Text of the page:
...Brenda Willett, whose sons went through the Chinese immersion program at Montgomery's Potomac Elementary School, said part of the trend can be attributed to inadequate preparation at the elementary and middle school level. By the time her now-college-age son reached his junior year in high school, when students would consider the AP course, only a handful of nonnative speakers had been able to keep up. Asian students -- many of whom had been studying the language at home and outside of school since childhood -- filled in the vacant seats, Willett said.
"The kids who were ethnically Chinese were favored," Willett said. "The teacher felt that the immersion program had failed the other students."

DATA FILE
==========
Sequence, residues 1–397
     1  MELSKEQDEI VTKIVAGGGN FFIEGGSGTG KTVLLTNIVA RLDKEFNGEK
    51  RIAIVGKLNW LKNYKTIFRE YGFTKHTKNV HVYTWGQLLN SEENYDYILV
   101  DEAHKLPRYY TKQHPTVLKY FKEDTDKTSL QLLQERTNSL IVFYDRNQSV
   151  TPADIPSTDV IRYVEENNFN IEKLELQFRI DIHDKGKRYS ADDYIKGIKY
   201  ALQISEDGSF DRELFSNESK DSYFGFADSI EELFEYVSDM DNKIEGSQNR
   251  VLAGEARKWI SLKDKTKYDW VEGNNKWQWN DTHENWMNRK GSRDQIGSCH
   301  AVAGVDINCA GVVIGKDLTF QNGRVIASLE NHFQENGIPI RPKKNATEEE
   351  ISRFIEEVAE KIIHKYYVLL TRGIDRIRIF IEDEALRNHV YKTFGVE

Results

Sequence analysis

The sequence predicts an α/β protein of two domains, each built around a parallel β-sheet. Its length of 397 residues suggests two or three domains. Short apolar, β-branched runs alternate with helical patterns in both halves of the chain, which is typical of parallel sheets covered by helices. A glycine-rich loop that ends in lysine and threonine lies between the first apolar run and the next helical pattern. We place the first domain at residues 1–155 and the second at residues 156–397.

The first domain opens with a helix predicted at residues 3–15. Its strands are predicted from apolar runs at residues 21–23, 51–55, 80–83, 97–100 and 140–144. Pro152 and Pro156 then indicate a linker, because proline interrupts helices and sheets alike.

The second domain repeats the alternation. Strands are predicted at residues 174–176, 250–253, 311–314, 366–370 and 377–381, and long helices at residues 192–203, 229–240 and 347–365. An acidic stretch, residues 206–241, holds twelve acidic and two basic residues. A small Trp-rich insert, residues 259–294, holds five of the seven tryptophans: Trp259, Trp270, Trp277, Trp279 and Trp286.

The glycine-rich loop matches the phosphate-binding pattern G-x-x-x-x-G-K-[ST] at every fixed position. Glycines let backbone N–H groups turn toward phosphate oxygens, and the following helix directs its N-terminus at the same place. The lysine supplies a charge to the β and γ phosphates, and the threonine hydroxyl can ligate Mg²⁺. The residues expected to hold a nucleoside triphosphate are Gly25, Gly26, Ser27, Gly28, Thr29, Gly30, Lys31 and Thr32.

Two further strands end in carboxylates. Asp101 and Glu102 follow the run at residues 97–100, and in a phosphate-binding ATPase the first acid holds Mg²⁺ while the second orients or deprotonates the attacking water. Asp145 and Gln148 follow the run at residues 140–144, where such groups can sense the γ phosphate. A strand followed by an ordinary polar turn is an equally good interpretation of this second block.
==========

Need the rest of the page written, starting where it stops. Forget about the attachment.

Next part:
For students, a passing score on the test can be used for college credit at most universities. But students are hardly the only beneficiaries. Major high school ranking systems created in the past decade rely almost exclusively on AP participation rates. Achievement aside, the more students who take the tests, the higher the school and school district rank.
And in the Washington region, a whopping 77 percent of schools ranked in the top 6 percent of schools nationwide, as measured by a recent ranking based on AP and similar test participation...